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Bloomberg Businessweek

Bloomberg Businessweek 5/29/2017

Each issue of Businessweek features in-depth perspectives on the financial markets, industries, trends, technology and people guiding the economy. Get the digital magazine subscription today and draw upon Businessweek's timely incisive analysis to help you make better decisions about your career, your business, and your personal investments.

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United States
Bloomberg Finance LP
50 Issues

in this issue

7 min
brazil's carwash scandal

Most Brazilians hope Lava Jato will be a crossroads for change. But sadly, that’s been said of most Brazilian scandals In U.S. history, entire cities and states have been branded corrupt: Think Richard J. Daley’s Chicago or Huey Long’s Louisiana. But amid even the worst federal scandals, Watergate included, the country has never been nationally profiled as crooked—a venal society from coast to coast, from dogcatcher to commander-in-chief. Brazil feels that way right now, largely the result of a bribery scandal of Amazonian proportions known in Portuguese as Lava Jato, or Operation Car Wash, believed to be the largest corruption case in modern history. The multibillion-dollar tsunami of sleaze barreling through Latin America’s largest country and economy is deeper and broader than any Trump-Russia allegations pouring out of Washington. And it…

2 min
don’t scrap nafta, improve it

Donald Trump has frequently denounced the North American Free Trade Agreement, promising either to renegotiate it with extreme prejudice or terminate it altogether. On May 18 his administration served official notice that he’s serious, notifying Congress that it intends to start negotiations with Canada and Mexico in 90 days. So is Nafta as good as doomed? Maybe not. The agreement can easily be changed in ways that enlarge rather than shrink opportunities for mutually beneficial trade—and there’s reason to hope that this might actually happen. U.S. Trade Representative Robert Lighthizer’s letter to Congress is far from belligerent. It proposes “modernization” of the agreement, with new provisions on digital trade, intellectual-property rights, labor and environmental standards, regulatory measures, and so on. There’s no suggestion of higher tariffs. Lighthizer told reporters, “As a starting…

1 min
for the u.s., a big stake in africa’s success

The Trump administration shows little interest in sub-Saharan Africa beyond terrorism. That’s a mistake. The U.S. has a stake in Africa’s broader stability and prosperity. Since taking office, Trump has left senior Africa-policy positions unfilled and has had only brief phone conversations with three African leaders. Those calls stressed counterterrorism and security. Trump’s preliminary budget for the next fiscal year squeezes U.S. aid programs in Africa more than in any other region, cutting humanitarian funding at a time of extreme need and eliminating cultural exchange and other so-called soft-power programs. His reinstatement of the rule banning funding for aid groups that “perform or actively promote abortion as a method of family planning” will also hit Africa hard. Given the threat posed by Islamist militants across the region, the commander of U.S. defense…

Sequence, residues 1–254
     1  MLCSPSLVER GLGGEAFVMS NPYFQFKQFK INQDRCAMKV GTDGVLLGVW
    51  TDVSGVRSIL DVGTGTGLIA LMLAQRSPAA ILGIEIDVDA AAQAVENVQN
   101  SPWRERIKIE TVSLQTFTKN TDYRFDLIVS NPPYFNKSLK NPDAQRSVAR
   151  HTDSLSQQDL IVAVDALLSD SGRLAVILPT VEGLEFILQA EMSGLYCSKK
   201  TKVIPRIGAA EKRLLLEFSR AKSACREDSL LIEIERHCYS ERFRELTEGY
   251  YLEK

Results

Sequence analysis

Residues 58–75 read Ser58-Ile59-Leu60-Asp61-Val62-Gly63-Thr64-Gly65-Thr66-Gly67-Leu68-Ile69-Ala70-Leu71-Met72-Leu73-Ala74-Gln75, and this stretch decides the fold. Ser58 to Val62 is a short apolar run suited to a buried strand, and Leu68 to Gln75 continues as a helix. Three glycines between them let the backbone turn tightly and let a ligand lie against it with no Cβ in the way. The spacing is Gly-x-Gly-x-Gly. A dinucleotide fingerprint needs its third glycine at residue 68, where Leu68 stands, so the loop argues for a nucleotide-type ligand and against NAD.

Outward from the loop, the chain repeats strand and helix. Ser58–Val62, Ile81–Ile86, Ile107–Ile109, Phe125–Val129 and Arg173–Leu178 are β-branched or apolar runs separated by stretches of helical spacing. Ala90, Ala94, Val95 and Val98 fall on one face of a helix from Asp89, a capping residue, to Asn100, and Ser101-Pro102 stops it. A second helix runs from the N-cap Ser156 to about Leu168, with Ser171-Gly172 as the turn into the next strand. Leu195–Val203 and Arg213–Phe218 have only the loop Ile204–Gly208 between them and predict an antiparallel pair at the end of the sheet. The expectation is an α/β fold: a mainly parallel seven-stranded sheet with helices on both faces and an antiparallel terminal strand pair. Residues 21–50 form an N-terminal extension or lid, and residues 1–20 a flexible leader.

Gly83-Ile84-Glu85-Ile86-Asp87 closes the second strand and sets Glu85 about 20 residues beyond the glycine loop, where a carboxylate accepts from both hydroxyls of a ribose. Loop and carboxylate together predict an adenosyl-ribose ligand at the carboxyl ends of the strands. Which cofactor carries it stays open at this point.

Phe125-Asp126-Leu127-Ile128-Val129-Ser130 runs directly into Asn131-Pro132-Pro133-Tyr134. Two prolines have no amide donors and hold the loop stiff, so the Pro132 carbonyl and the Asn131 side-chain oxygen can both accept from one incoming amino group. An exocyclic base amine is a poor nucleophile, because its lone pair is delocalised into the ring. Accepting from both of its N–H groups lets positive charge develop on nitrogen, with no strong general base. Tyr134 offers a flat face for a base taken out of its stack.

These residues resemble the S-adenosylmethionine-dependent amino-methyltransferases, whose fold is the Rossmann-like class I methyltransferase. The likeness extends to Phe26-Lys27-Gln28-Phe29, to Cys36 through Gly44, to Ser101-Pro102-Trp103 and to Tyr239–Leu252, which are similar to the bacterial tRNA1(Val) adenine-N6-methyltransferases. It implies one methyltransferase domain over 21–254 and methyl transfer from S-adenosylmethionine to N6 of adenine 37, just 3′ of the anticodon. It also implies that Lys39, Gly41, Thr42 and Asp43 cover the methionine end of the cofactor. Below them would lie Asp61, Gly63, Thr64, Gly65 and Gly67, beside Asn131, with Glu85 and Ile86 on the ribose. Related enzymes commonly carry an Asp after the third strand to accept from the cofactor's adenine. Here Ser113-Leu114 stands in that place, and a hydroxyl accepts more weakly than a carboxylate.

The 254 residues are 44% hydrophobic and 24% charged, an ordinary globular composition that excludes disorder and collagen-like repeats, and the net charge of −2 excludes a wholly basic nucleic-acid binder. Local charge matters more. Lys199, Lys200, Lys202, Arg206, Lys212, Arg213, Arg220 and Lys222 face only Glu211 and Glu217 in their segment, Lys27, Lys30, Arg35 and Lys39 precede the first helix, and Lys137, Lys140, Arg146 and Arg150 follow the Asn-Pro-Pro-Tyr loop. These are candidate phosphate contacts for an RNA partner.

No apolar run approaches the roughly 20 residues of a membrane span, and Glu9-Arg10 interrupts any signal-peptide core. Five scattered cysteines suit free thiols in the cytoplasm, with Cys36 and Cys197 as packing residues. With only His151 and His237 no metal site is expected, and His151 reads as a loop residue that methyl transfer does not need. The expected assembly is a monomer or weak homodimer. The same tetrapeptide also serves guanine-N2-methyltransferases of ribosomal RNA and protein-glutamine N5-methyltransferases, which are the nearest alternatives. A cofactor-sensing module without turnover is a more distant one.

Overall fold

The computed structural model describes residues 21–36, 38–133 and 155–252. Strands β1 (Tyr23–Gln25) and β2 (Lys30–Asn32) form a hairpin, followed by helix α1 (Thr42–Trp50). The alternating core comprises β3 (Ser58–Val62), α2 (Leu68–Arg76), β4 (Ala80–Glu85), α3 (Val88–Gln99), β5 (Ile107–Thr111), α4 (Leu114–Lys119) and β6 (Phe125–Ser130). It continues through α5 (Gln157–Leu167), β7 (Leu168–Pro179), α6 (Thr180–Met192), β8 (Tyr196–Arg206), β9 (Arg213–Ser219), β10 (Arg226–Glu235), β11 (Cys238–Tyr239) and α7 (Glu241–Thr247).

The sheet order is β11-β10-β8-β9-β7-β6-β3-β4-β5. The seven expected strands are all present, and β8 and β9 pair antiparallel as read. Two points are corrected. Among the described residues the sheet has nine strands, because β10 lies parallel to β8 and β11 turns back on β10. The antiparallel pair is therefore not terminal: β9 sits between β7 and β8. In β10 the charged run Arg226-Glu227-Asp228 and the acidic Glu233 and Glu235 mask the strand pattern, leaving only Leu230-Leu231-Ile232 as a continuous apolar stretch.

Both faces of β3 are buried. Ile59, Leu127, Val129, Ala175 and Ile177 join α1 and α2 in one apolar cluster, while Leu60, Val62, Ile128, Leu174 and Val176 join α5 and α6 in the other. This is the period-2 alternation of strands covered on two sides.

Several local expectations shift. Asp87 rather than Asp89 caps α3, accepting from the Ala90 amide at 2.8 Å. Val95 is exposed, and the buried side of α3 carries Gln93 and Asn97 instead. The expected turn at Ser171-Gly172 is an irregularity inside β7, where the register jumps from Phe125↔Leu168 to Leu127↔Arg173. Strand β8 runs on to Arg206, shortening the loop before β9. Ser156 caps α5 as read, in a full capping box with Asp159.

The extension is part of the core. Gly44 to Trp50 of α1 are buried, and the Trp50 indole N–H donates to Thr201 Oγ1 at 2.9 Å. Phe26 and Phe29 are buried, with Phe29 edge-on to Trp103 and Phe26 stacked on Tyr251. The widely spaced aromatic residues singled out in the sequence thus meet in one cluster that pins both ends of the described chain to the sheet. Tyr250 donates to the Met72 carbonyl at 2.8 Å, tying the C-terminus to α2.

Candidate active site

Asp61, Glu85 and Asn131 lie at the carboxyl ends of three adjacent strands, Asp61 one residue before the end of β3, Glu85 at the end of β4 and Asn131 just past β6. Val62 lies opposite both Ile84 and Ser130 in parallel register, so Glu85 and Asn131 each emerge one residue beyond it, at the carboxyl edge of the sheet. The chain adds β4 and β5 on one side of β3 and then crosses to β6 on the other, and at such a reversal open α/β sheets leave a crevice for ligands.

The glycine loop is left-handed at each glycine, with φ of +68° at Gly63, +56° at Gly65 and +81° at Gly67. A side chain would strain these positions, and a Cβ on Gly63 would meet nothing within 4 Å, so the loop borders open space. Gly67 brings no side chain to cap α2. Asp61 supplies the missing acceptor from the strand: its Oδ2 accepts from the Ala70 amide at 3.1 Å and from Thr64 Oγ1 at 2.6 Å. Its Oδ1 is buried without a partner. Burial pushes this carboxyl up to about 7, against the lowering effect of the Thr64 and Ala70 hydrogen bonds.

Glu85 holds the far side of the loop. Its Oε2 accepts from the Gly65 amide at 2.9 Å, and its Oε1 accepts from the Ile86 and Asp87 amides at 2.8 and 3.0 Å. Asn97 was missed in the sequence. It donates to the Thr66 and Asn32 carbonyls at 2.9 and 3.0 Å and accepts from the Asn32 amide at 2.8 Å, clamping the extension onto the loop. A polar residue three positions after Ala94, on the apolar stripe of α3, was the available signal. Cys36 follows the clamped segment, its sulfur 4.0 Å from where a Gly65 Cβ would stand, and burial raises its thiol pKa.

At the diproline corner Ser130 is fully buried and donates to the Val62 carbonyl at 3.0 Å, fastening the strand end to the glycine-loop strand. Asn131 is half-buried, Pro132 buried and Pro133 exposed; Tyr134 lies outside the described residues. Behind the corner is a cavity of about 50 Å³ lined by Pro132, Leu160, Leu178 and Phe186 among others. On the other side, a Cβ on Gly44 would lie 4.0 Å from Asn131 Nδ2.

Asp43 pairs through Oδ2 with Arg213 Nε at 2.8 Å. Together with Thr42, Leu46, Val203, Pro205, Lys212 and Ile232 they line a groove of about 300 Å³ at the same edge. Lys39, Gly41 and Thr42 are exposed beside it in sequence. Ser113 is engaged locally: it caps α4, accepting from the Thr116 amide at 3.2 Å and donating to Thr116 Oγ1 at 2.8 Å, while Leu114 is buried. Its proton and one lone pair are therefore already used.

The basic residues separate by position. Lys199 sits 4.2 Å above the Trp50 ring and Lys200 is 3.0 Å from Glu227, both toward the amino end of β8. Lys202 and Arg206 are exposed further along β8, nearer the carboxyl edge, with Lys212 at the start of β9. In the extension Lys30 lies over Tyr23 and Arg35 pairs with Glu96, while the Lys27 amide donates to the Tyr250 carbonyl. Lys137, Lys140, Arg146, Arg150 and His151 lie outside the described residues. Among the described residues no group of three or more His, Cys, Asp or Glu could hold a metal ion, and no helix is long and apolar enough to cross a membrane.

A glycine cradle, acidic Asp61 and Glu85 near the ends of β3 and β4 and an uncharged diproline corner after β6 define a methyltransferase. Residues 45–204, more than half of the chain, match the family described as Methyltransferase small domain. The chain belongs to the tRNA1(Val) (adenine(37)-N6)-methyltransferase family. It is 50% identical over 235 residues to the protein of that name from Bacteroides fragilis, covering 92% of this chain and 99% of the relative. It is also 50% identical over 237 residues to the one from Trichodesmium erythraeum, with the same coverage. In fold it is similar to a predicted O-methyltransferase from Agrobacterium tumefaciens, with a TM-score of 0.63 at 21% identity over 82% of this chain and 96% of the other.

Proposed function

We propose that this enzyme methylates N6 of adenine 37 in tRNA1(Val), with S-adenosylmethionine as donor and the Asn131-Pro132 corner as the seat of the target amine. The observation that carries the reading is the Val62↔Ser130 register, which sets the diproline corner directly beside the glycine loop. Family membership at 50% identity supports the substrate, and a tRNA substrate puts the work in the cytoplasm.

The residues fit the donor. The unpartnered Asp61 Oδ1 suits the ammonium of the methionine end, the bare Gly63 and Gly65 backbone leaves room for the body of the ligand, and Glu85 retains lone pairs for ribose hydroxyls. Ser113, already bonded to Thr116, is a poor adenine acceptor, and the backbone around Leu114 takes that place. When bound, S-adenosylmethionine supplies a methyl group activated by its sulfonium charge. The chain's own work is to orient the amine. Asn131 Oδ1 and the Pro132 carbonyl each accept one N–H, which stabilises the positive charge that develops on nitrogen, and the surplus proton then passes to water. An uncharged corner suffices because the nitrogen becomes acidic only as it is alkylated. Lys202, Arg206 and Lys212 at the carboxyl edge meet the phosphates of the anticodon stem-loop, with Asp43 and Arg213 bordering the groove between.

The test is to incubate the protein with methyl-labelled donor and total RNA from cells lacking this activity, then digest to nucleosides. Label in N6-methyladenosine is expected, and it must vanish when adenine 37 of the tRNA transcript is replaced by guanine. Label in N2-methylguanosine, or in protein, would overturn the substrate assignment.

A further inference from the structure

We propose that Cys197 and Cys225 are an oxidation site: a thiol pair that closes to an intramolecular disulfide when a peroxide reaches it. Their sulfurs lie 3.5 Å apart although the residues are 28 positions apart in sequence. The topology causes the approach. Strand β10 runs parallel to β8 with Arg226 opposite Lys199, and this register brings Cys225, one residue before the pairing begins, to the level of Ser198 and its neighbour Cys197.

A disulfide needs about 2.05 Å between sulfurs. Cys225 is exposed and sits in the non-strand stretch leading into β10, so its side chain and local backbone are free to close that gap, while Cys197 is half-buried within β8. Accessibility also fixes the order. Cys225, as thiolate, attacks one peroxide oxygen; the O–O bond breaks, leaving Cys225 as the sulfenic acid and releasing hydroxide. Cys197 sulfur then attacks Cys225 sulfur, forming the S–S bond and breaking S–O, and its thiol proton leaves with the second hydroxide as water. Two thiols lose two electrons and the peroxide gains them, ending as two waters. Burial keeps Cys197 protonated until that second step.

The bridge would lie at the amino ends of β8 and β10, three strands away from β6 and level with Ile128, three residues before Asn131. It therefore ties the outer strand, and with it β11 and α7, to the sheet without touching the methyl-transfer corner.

3 min

Ups • Fidelity Investments said it would integrate bitcoin and other digital currencies into its suite of services for retail investors. Fidelity also disclosed its own bitcoinmining operation, and that it allows employees to use it in the company cafeteria. • Huntsman and Clariant have agreed to a $14 billion merger, as both companies seek pricing power for their industrial chemicals. Together they employ 32,000. • The Trump administration unveiled a budget on May 23 that calls for $469b in additional discretionary defense spending in the coming decade … • Zhejiang Geely Holding Group agreed to buy a 51 percent stake in long-struggling Lotus Cars for $66 million. The Chinese owner of Volvo also acquired almost half of Malaysia’s Proton. • Stephen Colbert was cleared of wrongdoing by the Federal Communications Commission after a profanity-tinged…

6 min
iran’s islamic evolution

Maryam was 22 days old when Iranians dethroned their king in 1979. The Islamic regime that followed—with its black and brown robes, covered heads, and dour religiosity—was “just a fact” of life, she says. “We never thought about anything different, because we hadn’t seen anything else.” Thirty-eight years later, that acceptance is wearing thin. The May 19 presidential vote—and the jubilant street celebrations that followed the reelection of President Hassan Rouhani, the nearest thing to a liberal allowed onto the ballot—showed an Iranian society much changed since the days of Ayatollah Ruhollah Khomeini’s Islamic revolution and unwilling to turn back. “One of my teachers used to tell us that if any strand of your hair showed, you would be hung up by it,” says Maryam, who like others interviewed for this…

6 min
the race to lead south africa is on

Jacob Zuma, South Africa’s embattled president, still has two years left in his term, but for most business leaders, labor unionists, and even some of his own party’s most venerated leaders, he can’t go soon enough. The campaign to succeed him is already in full swing. The contest will likely be decided in December, when the ruling African National Congress meets to choose a new leader, who’ll also be the party’s candidate in 2019 elections. The front-runners are Deputy President Cyril Ramaphosa and Nkosazana Dlamini-Zuma, former chairwoman of the African Union Commission. While Zuma is constitutionally barred from serving a third term, he has a vested interest in the succession race: He may be reliant on his replacement to shield him from graft charges that were dropped weeks before he became president…